Raising the Curtains on… Hula Dance!

Hawaii is many things – one of the states of the U.S., Islands paradise formed by volcano ashes, popular tourist destination and many more. It also has a unique treasure, which is its conserved culture, one of them being the hula dance.

Introduction to Hula

Hula dance is a dance performed by Hawaiian, usually accompanied by chant or song.  It is unique to Hawaii, one of its kind. The dancers are typically seen in a skirt made of grass. The movements of the body and hands convey the story or meaning behind the chant or song.

Different Styles of Hula

Today there are many sub-styles of hula dance, the two most commonly seen being hula ‘auana and hula kahiko.

Hula Kahiko

Hula kahiko is the more traditional form of hula.  It is often accompanied by chants (mele) and the traditional drums (pahu). The movements are more brisk and fast-paced and are used to tell a story. Since there was no written language in Hawaii, Hawaiian used hula dance to pass down stories and history including events, mythology and creation accurately. Therefore, hula kahiko has to be followed strictly in the same way their ancestor did, so they can inherit their tradition and culture correctly. Old hula kahiko costumes feature skirt made of bark cloth and accessories made of plants or material such as shells and feathers.

Hula ‘Auana

Hula ‘auana is the contemporary style of Hula. ‘Auana here means drift in Hawaiian, meaning drifting away from the original hula. It is based on Western models, and it features introduced instruments like ukulele and steel guitar rather than the pahu drum. The music is more melodic, and the moves are more sensual compared to hula kahiko. Movements are also used to tell a story.

However, hula ‘auana is mainly performed for entertainment purpose. Therefore, it allows more creativity stretching, for the choreographer as well as the dancer. The costume of hula ‘auana is more westernized. Dancers can be seen in the fabric top or dress, grass skirt.

History of Hula

There are several stories regarding the origin of Hula. But perhaps the most often heard is that of Pele, the Goddess of fire and volcanoes, and Hi’iaka, the Goddess of Hawaii and hula dancers. In this rendering, the first hula was born when Pele was bored and begged her sisters to dance and sing for her. Only Hi`iaka stepped forward to perform. There are other legend stories regarding the origin of hula, but all of them revolve around Goddesses.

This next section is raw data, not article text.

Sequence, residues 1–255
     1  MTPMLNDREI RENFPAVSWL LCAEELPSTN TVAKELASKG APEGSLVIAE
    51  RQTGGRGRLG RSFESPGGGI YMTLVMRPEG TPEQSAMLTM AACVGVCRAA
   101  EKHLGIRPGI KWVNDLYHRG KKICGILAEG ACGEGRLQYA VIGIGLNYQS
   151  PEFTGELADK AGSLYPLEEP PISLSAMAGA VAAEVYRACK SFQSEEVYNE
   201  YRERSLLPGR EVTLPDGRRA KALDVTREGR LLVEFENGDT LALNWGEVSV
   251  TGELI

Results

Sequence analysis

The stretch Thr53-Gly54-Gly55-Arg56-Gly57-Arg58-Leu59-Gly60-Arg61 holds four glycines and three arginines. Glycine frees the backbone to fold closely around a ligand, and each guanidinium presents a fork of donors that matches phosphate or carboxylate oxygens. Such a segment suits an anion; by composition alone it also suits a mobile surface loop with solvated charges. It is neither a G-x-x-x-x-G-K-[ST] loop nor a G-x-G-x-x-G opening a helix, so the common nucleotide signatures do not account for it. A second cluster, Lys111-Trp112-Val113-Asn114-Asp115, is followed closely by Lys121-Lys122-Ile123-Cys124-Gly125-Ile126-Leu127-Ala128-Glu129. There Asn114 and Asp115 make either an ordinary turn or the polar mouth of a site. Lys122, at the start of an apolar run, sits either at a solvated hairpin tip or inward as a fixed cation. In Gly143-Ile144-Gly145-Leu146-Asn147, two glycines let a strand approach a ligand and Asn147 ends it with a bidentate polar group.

In the early 1800s, Christian missionaries arrived in Hawaii and converted many of the people to Christian. Soon later, Queen Ka’ahumanu, who was a Christian convert, banned public hula performances. The missionaries saw the dance as vulgar, disgusting and sinful due to its body movements and ‘inappropriate’ costumes.

In the late 1800s, the last king of Hawaii, King David Kalakaua, wanted more Hawaiian to continue practicing their heritage. Therefore, he lifted the hula ban, and hula once again went officially public.

Where to Experience Hula?

There are several occasions in Hawaii where you can experience Hula, including festivals, events, hotel and resorts. Note that these performances are to entertain people like guests and tourists. Therefore, it is not 100% authentic. For a more authentic experience, head to Hilo in spring to witness the annual Merrie Monarch Festival. Merrie Monarch Festival most prestigious hula competition in the world, dedicated to the memory of David Kalakaua. Every year, the competition picks the best hula dancer in the world.

Hula dance plays a significant role to the Hawaiians because it acts as a bridge, connecting the ancient and modern Hawaii. Hula helps conserve the history of Hawaiian, which is important to the Hawaiian.

Here are some performances from the past Merrie Monarch festival:

Hula auana: https://youtu.be/nupXxN1L0qo

Hula kahiko: https://youtu.be/bgUI_fqS6lk

My quest for knowledge is a never-ending exciting journey.

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